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Mexican Hotels–In the Good But Cheap Category

Mexican Hotels–In the Good But Cheap Category

Of course there are world class hotels, spas, and resorts in Mexico.  But if you are looking for a nice $20 a night place, here’s what you need to know.

View from a $20/couple hotel in Mexico City.  It ain't the Ritz, but it is ckean, safe, and in the middle of everything.  And did I mention $20 for two?

View from a $20/couple hotel in Mexico City. It ain't the Ritz, but it is clean, safe, and in the middle of everything. And did I mention $20 for two?

Sunday, October 29, 2006

There are hotels in all price ranges in Mexico.  Especially in the big cities and the resorts, it is possible to find every luxury you can imagine.

Luckily, it is also still possible to travel in Mexico and stay in attractive and safe digs without robbing the bank.

Here are some thoughts about finding a room for the night.  These tips are for thrifty travelers—if you want to splurge, there is plenty of information about resorts and five star hotels out there already.

Rock Bottom Hotels:  If you want a really cheap place to stay, look around the downtown bus or train stations.  It is still possible to find a room for $10 a night in many places—I just stayed in a $10 hotel in Mexico City.  The room was very basic, of course-a double bed, a sink, and a Spartan bathroom down the hall.  No towels or soap or drinking water.  The place was safe enough, and I saw a lot of young travelers there as the location is incredible.  The drawbacks—the room smelled of mildew, the window was tiny and opaque, so there was little light (and only two low-watt bulbs), and 23 other rooms shared the bathroom—one stall, one shower.  By chance I never met anyone in the loo, but I imagine it gets busy at times, and I wouldn’t want to be sick there.

The room was on the fourth floor, and the elevator only rose to the third.  I had to schlep the luggage up a very rickety wooden staircase, around a post on the landing, and up another flight, then down two very long corridors to reach my room.

In this price range you will stretch your money and meet fellow adventurers.   There may also be cockroaches, a brisk trade in prostitution, and a recently knifed body on the couch in the lobby.  (No kidding—been there, seen all that and more).

The $20-$40 Range:  Here you can find clean, comfortable hotels with private bath, a  telephone, and television in the room.  I recently stayed—also in Mexico City—in a wonderful hotel a block from the Zocolo, right in the heart of the Historic Zone.  From my little balcony I could see the Cathedral to the east and the Latin American Tower to the west.  The friendly staff there know me, even though often it is a year or two between visits, and they go out of their way to help.  I once bought a large collection of vintage movie magazines—about 150 pounds—and one of the employees got permission to come with me to the bus station to help me with all my luggage.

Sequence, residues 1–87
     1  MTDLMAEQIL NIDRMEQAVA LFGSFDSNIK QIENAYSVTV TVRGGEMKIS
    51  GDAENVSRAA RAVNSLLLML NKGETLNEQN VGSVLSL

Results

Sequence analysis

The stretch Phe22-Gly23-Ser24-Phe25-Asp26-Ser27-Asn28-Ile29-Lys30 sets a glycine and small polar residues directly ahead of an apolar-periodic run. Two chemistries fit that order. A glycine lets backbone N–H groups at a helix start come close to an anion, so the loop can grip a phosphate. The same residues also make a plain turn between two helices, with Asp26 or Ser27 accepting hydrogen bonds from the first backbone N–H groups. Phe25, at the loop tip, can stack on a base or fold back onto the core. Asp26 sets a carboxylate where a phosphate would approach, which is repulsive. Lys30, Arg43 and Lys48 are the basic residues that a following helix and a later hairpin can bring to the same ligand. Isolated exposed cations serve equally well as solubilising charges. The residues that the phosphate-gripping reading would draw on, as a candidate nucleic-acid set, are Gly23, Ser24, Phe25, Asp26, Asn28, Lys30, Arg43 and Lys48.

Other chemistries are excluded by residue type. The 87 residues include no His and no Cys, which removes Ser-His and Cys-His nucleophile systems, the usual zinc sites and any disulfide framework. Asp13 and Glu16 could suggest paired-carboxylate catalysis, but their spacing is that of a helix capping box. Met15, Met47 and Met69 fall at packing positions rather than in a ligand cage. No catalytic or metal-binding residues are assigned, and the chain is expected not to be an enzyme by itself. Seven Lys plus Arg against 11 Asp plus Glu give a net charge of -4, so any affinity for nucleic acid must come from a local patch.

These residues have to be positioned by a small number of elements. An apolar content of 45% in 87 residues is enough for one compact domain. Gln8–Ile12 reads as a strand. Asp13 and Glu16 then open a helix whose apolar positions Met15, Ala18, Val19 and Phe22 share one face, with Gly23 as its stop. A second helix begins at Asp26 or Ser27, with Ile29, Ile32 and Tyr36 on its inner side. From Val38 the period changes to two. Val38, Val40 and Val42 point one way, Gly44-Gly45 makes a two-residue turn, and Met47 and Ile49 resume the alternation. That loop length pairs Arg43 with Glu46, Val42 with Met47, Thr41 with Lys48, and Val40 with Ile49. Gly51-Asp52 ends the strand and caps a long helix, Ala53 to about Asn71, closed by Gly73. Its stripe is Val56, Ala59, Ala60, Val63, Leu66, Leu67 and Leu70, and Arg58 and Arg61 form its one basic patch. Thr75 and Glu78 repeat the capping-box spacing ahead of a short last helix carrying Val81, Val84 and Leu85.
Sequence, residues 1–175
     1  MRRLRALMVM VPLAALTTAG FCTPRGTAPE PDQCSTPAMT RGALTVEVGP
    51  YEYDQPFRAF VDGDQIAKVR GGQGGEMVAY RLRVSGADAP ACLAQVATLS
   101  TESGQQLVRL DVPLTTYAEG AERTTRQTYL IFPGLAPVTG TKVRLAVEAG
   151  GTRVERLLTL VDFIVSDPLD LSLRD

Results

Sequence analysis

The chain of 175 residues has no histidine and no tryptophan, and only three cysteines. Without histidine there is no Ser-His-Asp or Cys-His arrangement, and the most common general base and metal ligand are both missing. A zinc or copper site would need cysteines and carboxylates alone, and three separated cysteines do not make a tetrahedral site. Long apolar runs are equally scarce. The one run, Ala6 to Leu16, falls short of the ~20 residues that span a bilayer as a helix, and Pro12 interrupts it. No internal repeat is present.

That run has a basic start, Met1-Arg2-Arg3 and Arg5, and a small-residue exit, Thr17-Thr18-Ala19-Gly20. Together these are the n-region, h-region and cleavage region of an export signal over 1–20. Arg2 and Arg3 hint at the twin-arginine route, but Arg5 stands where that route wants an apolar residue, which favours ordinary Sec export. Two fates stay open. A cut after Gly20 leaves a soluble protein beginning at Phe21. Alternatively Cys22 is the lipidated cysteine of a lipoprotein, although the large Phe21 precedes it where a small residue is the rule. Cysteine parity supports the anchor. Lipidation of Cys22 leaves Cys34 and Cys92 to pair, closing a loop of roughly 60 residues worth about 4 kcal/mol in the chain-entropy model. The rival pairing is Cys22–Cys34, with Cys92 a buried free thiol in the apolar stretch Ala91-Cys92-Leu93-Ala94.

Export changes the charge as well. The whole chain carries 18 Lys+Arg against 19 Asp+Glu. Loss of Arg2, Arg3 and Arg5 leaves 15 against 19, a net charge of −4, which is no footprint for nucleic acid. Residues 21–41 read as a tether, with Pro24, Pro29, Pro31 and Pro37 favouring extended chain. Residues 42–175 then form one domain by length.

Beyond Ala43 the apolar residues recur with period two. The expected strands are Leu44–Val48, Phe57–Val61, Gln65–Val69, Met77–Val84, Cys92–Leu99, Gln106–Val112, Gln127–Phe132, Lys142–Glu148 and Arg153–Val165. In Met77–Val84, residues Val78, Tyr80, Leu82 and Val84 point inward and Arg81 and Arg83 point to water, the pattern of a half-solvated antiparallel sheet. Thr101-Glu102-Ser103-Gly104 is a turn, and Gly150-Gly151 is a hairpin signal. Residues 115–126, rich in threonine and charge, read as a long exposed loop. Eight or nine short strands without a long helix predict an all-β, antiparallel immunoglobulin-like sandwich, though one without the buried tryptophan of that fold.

The rooms are good size and comfortable, the bathrooms clean.  The subway stop is nearby, as are restaurants and ruins and dusty old used bookstores (a passion of mine).  In other words, the place is heaven—for $20 a night.

In hotels in the higher end of this range you may find a small restaurant, a charming central courtyard, and other amenities like air conditioning.

Be Creative:  One Easter weekend I found myself in Mazamitla, a lovely mountain town known as “the Switzerland of Mexico.”  The only rooms still available were way out of reach money-wise.  It was starting to look like we would have to return to Guadalajara for the night when I had an idea.

We went to the central plaza—every town, no matter how tiny, has one—and struck up conversations with old ladies.  “Senora, do you know of anyone with an extra room they could rent us for the night?”  Within 15 minutes we were knocking on the door of Dona Esperanza.  After a little explanation she opened up her house to us, like it was the most natural thing in the world.  We had a nice little room of the central courtyard, where her orchids grew in profusion.

Travel secret number one—don’t panic.  There’s always a way if you are flexible.

Sleeping Out:  Speaking of being flexible….  In my wild and lusty youth I occasionally made my bed in the train station, on the beach, or under someone’s house.  When you are traveling freelance and off the beaten path, you have to handle whatever arises.  While there are certainly risks in sleeping out, I have to say I had no particular troubles—not that I didn’t have some nervous moments, like when I awoke to coyotes sniffing my legs on the beach in Ojo de Liebre.  But I could hear whales spouting just offshore.  If you want to really live your life, there’s bound to be some risks.

Dan and Omar

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Categories

A sample text widget

Etiam pulvinar consectetur dolor sed malesuada. Ut convallis euismod dolor nec pretium. Nunc ut tristique massa.

Nam sodales mi vitae dolor ullamcorper et vulputate enim accumsan. Morbi orci magna, tincidunt vitae molestie nec, molestie at mi. Nulla nulla lorem, suscipit in posuere in, interdum non magna.